Oh, yes; that reminds me! I took an awful lot of flack, a couple of months back, from readers, who told me I was an ignorant fool for slagging off the Hercules Stingray as a Quake display. I now gather from inside 3DFX that when the Voodoo2 cards appear, it is unlikely that Hercules will be one of their partners. In short, they seem to agree with me. Odd, eh? Perhaps the guys at 3DFX are ignorant fools, too?
A fascinating day, involving the Salutation Consortium (see Kewney's World) and some satellite Web technology from Adaptec. It should also have included an Oracle briefing, and a Digital Equipment backgrounder. And I can explain everything... like this: It's going to be Xmas soon, and if anybody is planning to send little tokens of esteem, can I just say: 'Socks!'?
Let me elaborate. It may take a moment, but stick with me; it will all make sense. See, I do try not to get my family to play too many of the roles in this diary, but today, there's simply no way to avoid it. And my socks come into the story. Not that I'm blaming my wife for getting caught in the downpour that struck London around 8 AM... indeed, if anybody is going to get 'blame' it's me, for booking too damn many appointments. But I really do think that I'd have managed it, a bit late from one venue to the next perhaps, but getting there in time to shake hands and collect the press pack, if the water hadn't arrived. And if I had more socks.
People do accuse Brits of talking about the weather. That's because we have so much of it. Someone (Lord Avebury) once foolishly remarked that 'there's really no such thing as bad weather, only different kinds of good weather.' An idiot. He certainly wasn't trying to get to the Tube Thursday morning.
Me, I wasn't actually out in it. I was struggling to finish off a couple of bits of writing for The Vampire, Manek, who was sweeping about the office in a fine Victorian flourish, cape flying, goatee sinister, eyes gimlet-bright, shouting: 'Copy! Where's all the copy you writers promised me for yesterday?' So there's me, trying to cut and paste a clipboard from my remote-controlled office display, visible at last! -- to an article we're concocting from assorted Microsoft mischief witnessed by our own reporters, plus paragraphs 'quoted' from our stringers (PC Week staff, in fact) in the US. And the door starts emitting soggy noises. And they turn out to be the return of my good lady, drenched.
Outside the surf, I haven't often seen a wetter human than my wife was then. She handed me the contents of her pocket, including a tissue which, I swear, was dripping drops of water onto the kitchen floor as she passed it over. There was, in short, no way of getting her to work without a complete change of clothes, and it turns out she needs a second overcoat, for this sort of emergency, because when we got hold of her spare, it had fed too many moths to be used again. And at the end of the process, when I'd finally sorted out the traditional hot drink and comforting words of encouragement and farewell, I found she'd gone off in my last pair of dry socks.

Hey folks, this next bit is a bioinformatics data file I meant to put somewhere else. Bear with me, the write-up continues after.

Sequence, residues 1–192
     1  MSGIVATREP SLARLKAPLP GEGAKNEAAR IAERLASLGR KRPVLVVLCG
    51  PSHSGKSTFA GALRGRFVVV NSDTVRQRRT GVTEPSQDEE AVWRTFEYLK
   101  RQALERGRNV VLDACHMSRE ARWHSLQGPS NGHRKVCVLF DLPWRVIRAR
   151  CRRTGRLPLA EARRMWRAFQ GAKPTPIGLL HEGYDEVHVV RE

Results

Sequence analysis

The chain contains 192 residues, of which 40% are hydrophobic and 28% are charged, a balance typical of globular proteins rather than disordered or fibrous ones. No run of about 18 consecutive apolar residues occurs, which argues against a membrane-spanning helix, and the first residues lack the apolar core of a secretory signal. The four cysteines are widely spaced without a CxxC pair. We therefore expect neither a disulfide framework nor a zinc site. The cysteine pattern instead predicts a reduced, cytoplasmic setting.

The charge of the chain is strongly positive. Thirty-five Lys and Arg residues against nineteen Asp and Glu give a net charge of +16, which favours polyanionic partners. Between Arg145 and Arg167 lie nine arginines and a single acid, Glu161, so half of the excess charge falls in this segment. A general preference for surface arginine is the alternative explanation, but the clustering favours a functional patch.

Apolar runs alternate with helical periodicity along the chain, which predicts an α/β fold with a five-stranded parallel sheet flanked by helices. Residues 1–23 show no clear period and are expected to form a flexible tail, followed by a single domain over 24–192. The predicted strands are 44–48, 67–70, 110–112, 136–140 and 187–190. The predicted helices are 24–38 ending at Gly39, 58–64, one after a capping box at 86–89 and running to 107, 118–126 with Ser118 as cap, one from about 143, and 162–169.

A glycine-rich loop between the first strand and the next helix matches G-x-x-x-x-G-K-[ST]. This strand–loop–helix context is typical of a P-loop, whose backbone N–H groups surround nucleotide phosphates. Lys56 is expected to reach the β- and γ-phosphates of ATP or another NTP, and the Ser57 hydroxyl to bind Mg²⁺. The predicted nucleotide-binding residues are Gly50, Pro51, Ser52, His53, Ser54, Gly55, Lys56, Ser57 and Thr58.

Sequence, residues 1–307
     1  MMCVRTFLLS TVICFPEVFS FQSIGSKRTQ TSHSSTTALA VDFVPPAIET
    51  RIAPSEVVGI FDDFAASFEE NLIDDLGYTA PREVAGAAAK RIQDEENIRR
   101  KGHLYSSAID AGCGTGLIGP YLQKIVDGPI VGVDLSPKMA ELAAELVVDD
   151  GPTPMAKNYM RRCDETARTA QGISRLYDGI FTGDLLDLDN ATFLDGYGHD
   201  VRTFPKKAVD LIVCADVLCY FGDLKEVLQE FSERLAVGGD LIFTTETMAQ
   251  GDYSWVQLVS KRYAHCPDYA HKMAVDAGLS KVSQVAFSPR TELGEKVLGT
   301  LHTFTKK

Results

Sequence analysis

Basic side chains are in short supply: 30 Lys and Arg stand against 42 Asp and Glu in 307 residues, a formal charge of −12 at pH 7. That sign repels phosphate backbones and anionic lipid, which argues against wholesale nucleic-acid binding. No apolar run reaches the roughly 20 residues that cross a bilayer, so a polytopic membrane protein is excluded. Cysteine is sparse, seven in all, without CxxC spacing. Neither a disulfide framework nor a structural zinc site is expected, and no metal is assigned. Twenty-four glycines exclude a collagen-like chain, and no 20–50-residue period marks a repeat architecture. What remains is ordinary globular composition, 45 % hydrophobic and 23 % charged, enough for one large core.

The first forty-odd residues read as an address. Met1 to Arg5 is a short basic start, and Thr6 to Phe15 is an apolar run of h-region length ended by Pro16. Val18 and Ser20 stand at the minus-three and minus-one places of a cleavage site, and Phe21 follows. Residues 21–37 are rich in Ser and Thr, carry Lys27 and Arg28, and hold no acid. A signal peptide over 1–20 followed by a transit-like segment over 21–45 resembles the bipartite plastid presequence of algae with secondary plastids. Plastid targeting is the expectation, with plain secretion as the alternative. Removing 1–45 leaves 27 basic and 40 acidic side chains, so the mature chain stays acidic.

You see, the trouble with socks is that nobody will wrap them up in Xmas paper, because they are 'boring.' But the same objection doesn't apply, somehow, when it comes to borrowing them. Given the choice between spending the night at the Maxwell Club, or getting home early and washing one's socks, the average Physics student in this house will opt for staying out late, and borrowing a pair of Dad's. And yes, they do get returned, but singly. In short, I am. Short, that is, of socks. And yes, I'll happily wear a pair of commercially sponsored socks, even with a Microsoft logo on.
Anyway, that is how it was that I arrived (late) at my first appointment, Salutation, around the time I had hoped to have reached my second. And the third I could only have reached if I'd blown out the fourth, which was lunch (this is sacred to me). And anyway, it was Important.
Truly, the less said, the soonest mended. How about: The Office Party? How about: I fell downstairs while racing the dog for the post? How about: the office PC started a megasulk? and refused to answer the phone? I am fairly sure this is another vengeful blow by the STB card, by the way. I don't think they tested it properly in superVGA mode. Can I just say: don't get one?
The plan was, to install a SuperDisk in my nice shiny new 266 MHz Gateway P2. Craig Hatter, who has the enviable email address of email@example.com, was meant to arrive and help me take it out of the old box and check that it worked in the new one. Having a scrunched knee knocked that on the head. It also knocked the Office Party on the head, for me; I spent the day trapped in my upstairs office at home, wishing I'd got the dosh for a stair lift. Ah well; it's that time of year.
We can't count the morning wasted, though: IBM's public relations agency was doing a ring-round to find out what prominent Journalists think of IBM's press relations.
It was nice, actually, to be able to go on the record with both good things and bad; but the best was the opportunity to say what a truly horrible, bizarrely incompetent, Byzantinely complex system the company operates for loan equipment.
This is probably only of marginal importance for the rest of the world, but it matters to me! In a nutshell, I can't buy five machines a week, just to see how fast they run. I rely on the fact that I can borrow the things. Now, there are those who won't. And seriously, I don't have a problem with people who don't want to lend equipment to journalists. I myself won't do it; journalists are lax, careless, ham-fisted and elusive. If you lend them something -- and I include myself in this generalisation -- it may never come back, and if it does, you may wish it hadn't. There's a well-known engineer's Saying: 'If it aint broke, don't fix it.' In PC Magazine, we have a similar saying: 'If it aint broke, it aint been tested in PC Mag UK Labs.'
But there's a huge difference between: 'You can't have one of our PCs because you'll steal it' -- which is fair enough -- and 'Of course! We'd be delighted to lend you one of our PCs! Please, just ask, and we'll do it! Which one?' followed up by a six month battle with a bureaucracy that makes Cairo seem informal. The IBM loan pool, in short, is run by the Loan Pool Manager, with the objective of making the life of the Loan Pool Manager simple. The fact that it might, conceivably, be a good plan to let writers see what IBM does as an exercise in building good relations, clearly, is a fact for which there isn't a part number in his inventory.
Enough, already; I think they may be getting the message. But I bet all I get out of it is: not even a pair of IBM socks.
Oh and one final thing: if it was you who rang me around 10.30 and left voice-mail saying: 'I'm sorry, I can't do any more interviews this week, but call me back and we'll see if we can sort out something else,' I am happy to do so. But next time, leave your name and phone number?